Skip to Main Content

Asian American and Asian Diaspora Studies

Resources to explore Asian American and Asian Diaspora Studies. Take your time exploring and feel free to reach out with any questions!

Getting Started

Reference and Getting Started

Get started by checking out the Research 101 Library Guide, setting up your computer for off-campus access to library resources, using the UC Library Search portal, consulting reference encyclopedias on Asian American & Asian Diaspora Studies, and more.

For information on borrowing and renewing materials, visit the UC Berkeley Library Borrow + Renew page. 

Selected Reference Sources for Asian American Studies

A great place to start your research is by consulting an encyclopedia. See below for some reference sources on Asian American & Asian Diaspora Studies and visit the Reference Section in the Asian American Studies Collection at the Ethnic Studies Library for more. 

Off-campus Access to Library Resources

There are two ways to connect to library resources from off-campus using the new library proxy:

  1. Links to online resources on library websites, such as UC Library Search, will allow you to login with CalNet directly.
  2. To access library resources found via non-UCB sites, such as Google or Google Scholar, you can add the EZproxy bookmarklet to your browser. Then, whenever you land on a licensed library resource, select your EZproxy bookmarklet to enable CalNet login.

More information is on the EZproxy guide.

The campus VPN provides an alternate method for off-campus access.

The Ethnic Studies Library Asian American Studies Collection

The Ethnic Studies Library Asian American Studies Collection contains books, serials, media, archives, newspapers, and other materials on Asian American and Asian Diaspora Studies. You can get started by visiting the library and by making an appointment with a librarian to talk through your research topic, sources, or any other questions you might have.

About the Asian American Studies Collection:

The mission of the Asian American Studies Collection (AASC) is primarily to support the curriculum program of the undergraduate and graduate students and the research of the faculty in the Ethnic Studies Department. It is also to provide support in this area to the other University of California campuses and the general community at large. We also have a mission and commitment to preserving and making accessible the history of Asian Americans to all.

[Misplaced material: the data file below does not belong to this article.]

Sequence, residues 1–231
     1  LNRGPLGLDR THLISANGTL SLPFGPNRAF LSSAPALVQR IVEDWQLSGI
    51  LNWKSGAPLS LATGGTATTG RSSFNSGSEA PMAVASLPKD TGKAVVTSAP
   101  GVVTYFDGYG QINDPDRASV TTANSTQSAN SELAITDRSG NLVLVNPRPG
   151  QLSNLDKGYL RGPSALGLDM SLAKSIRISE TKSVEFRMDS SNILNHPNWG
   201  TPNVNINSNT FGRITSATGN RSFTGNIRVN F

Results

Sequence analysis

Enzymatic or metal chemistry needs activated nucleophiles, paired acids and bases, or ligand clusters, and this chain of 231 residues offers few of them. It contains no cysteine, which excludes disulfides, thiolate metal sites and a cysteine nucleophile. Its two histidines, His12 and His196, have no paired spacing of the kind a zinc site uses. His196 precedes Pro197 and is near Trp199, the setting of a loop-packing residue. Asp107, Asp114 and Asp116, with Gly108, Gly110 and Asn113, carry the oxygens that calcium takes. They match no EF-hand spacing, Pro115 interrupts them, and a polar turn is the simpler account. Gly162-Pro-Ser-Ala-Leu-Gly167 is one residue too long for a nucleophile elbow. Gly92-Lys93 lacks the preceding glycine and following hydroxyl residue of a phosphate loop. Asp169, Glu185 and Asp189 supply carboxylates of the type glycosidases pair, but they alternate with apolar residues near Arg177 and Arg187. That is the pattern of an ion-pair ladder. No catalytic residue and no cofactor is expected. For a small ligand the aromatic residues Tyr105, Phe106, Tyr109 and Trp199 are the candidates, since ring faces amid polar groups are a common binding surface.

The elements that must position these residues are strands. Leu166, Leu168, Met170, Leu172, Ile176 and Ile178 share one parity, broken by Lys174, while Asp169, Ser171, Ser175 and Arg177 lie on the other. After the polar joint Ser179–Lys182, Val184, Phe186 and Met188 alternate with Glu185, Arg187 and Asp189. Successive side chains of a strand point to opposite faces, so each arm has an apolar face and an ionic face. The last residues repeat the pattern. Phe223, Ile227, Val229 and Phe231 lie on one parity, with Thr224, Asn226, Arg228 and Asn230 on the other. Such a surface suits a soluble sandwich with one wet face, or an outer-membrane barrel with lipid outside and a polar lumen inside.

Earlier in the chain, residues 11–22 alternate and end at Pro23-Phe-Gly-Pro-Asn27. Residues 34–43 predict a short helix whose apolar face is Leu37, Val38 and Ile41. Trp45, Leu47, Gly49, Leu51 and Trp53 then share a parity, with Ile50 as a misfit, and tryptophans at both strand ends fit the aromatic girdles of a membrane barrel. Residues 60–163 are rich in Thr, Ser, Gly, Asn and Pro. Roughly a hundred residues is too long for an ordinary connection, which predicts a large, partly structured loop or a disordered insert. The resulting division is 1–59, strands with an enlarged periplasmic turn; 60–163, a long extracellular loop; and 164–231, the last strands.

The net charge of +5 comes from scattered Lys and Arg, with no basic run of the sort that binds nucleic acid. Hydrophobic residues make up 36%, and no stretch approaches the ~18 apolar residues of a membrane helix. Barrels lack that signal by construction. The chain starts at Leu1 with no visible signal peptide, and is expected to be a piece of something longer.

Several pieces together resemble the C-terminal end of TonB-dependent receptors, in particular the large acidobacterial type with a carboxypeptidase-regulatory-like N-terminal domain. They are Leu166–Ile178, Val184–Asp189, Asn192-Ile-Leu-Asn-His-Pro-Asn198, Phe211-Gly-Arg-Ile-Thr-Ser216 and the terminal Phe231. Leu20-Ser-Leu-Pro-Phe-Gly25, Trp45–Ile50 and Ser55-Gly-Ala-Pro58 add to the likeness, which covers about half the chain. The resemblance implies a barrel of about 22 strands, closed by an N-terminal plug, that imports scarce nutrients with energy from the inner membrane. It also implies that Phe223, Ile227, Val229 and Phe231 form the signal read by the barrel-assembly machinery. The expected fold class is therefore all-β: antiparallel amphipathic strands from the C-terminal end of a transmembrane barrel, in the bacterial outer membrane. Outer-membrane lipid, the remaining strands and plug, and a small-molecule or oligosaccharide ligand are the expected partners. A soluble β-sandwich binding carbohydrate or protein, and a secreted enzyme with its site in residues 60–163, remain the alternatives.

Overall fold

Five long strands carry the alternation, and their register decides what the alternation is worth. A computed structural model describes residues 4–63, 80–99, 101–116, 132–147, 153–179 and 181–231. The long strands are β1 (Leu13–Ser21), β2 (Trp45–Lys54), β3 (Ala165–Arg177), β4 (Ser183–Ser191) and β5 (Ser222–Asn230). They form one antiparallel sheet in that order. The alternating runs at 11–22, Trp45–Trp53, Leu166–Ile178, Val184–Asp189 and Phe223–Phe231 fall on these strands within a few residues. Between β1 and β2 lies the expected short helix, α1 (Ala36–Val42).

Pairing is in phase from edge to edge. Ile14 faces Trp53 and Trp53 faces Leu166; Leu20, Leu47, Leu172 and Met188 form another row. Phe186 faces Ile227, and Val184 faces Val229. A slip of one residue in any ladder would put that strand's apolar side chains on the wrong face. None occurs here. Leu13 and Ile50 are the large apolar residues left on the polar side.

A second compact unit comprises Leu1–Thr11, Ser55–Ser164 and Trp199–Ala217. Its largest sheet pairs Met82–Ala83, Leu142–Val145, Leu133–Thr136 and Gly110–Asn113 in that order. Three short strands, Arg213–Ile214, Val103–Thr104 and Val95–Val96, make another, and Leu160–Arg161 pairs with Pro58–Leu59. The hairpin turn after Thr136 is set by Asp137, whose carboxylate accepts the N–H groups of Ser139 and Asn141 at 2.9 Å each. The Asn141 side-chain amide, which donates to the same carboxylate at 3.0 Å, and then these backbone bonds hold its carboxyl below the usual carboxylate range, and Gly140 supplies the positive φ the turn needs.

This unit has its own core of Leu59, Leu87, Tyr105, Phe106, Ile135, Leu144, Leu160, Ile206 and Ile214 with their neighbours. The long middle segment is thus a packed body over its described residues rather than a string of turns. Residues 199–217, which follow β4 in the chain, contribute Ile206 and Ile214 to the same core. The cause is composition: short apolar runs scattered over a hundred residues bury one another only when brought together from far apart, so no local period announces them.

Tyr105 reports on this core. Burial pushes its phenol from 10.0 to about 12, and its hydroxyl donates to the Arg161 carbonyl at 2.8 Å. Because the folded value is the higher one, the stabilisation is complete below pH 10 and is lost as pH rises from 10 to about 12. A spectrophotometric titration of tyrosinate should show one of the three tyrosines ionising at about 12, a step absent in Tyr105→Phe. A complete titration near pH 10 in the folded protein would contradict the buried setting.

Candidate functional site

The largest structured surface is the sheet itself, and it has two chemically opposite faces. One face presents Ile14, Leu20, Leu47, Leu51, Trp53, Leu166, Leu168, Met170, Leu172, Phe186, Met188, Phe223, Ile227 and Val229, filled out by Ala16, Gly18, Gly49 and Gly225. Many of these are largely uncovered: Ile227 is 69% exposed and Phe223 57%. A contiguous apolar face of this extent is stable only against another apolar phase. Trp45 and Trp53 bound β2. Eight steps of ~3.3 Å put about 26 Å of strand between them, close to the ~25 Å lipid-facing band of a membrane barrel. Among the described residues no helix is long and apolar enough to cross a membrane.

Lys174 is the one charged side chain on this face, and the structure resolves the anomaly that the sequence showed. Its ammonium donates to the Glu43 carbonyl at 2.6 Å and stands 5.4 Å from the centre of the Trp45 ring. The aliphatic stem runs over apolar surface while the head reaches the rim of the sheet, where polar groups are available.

The Asian American Studies Collection (AASC) is the result of intensive acquisition for more than forty years. It is today one of the most comprehensive and unique Asian American resources in the United States. It contains materials on the cultural, political, and socio-economic life of Asian Americans. Aside from developing a core collection on the identified Asian American groups, the collection is particularly strong in documenting Asian American social movements. The collection also includes materials on Pacific Islanders. While historically Asian Americans and Pacific Islanders have been aggregated in demographic data, there is increasing attention paid to the distinct experiences of indigenous Pacific Islander Americans and Asian Americans. 

The term "Asian American" was coined by historian Yuji Ichioka in the late-1960s in conjunction with the Asian American social movement. It emerged to describe a new pan-ethnic identity forming out of solidarity amongst Asians in the United States. While the term emerged as a political identity, today, it is often used as a demographic marker. The term "Asian," and thus "Asian Americans," encompasses a large number of national and ethnic identities and the Ethnic Studies Library takes an inclusive and expansive approach and includes materials on South Asian, Southeast Asian, West Asian, Middle Eastern, East Asian, and more. Under the leadership of Wei Chi Poon and in collaboration with scholars such as Him Mark Lai, the collection has become home to one of the largest collections of Chinese American archives in the world. Since 2015, the scope of the collection has expanded with emphasis on underrepresented Asian American communities.